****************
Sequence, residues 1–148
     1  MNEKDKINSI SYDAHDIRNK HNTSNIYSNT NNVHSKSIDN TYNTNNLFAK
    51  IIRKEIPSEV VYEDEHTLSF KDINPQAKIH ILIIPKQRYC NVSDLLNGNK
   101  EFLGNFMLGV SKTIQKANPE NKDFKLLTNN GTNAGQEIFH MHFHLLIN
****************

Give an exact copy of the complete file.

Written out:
Sequence, residues 1–148
     1  MNEKDKINSI SYDAHDIRNK HNTSNIYSNT NNVHSKSIDN TYNTNNLFAK
    51  IIRKEIPSEV VYEDEHTLSF KDINPQAKIH ILIIPKQRYC NVSDLLNGNK
   101  EFLGNFMLGV SKTIQKANPE NKDFKLLTNN GTNAGQEIFH MHFHLLIN